The history of vaudeville intrigued me, too. After the Civil War, a singer and entrepreneur named Tony Pastor set about reshaping the music hall performances of the day from bawdy spectacles to a family-oriented variety shows. Many of the performers in the very early days of vaudeville were immigrants singing in their home languages, and many of the historic playbills and programs I found in archives had traditional Irish singers and dancers. So that research informed the plot as well.
Do you have a personal connection to Irish folk music and dance?
I have loved Irish music my whole life. It gave me something more lively and interesting to play than the same old Suzuki tunes everyone plays on the violin. My children took an interest in Irish dance and three of my four competed in feiseanna for years. All those years of going to dance classes and competitions and performances gave me a circle of acquaintances in Irish music and dance—all of whom were very helpful when it came to researching traditional music.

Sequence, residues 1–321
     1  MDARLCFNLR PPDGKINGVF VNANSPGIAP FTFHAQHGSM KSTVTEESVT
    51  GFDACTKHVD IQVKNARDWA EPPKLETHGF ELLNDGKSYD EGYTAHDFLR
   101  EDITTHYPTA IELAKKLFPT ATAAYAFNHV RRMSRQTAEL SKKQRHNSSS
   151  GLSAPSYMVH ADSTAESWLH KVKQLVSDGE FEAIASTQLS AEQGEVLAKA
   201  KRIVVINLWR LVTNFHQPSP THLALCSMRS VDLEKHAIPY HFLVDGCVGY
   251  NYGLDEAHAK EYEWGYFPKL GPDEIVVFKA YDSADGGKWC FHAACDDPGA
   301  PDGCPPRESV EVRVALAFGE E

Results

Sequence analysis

Special shout out to my harp teacher Elizabeth Nicholson and to Phillip and Pam Boulding and the whole Magical Strings family for their kindness and support. I love to write about the arts for middle grade readers because those years tend to be a tad short on empowering experiences. But for myself, and for kids lucky enough to have music, dance, and theater in their schools or families, creating music together can be a terrifically powerful, even a formative experience. Especially now that we are all sheltering from a pandemic, I’m feeling the power of music to soothe and unite us.
The Draft Riots in 1863 remain the deadliest riot in New York City’s history, led largely by Irish Americans and targeting both the African American citizens and city’s wealthy. What did you feel your responsibility was as an author for young readers when describing this event and the prejudices towards and between African Americans and Irish Americans during this time?